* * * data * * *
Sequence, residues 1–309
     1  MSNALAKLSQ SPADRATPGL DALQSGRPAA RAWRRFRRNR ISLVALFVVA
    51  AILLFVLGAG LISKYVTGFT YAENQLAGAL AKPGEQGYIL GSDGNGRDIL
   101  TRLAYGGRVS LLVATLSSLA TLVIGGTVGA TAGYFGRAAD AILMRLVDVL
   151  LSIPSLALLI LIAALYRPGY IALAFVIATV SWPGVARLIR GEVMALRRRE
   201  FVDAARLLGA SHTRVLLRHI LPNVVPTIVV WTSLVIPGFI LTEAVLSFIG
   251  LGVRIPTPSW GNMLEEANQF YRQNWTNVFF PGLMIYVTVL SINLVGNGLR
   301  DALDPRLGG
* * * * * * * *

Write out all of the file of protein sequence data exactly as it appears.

Sequence, residues 1–309
     1  MSNALAKLSQ SPADRATPGL DALQSGRPAA RAWRRFRRNR ISLVALFVVA
    51  AILLFVLGAG LISKYVTGFT YAENQLAGAL AKPGEQGYIL GSDGNGRDIL
   101  TRLAYGGRVS LLVATLSSLA TLVIGGTVGA TAGYFGRAAD AILMRLVDVL
   151  LSIPSLALLI LIAALYRPGY IALAFVIATV SWPGVARLIR GEVMALRRRE
   201  FVDAARLLGA SHTRVLLRHI LPNVVPTIVV WTSLVIPGFI LTEAVLSFIG
   251  LGVRIPTPSW GNMLEEANQF YRQNWTNVFF PGLMIYVTVL SINLVGNGLR
   301  DALDPRLGG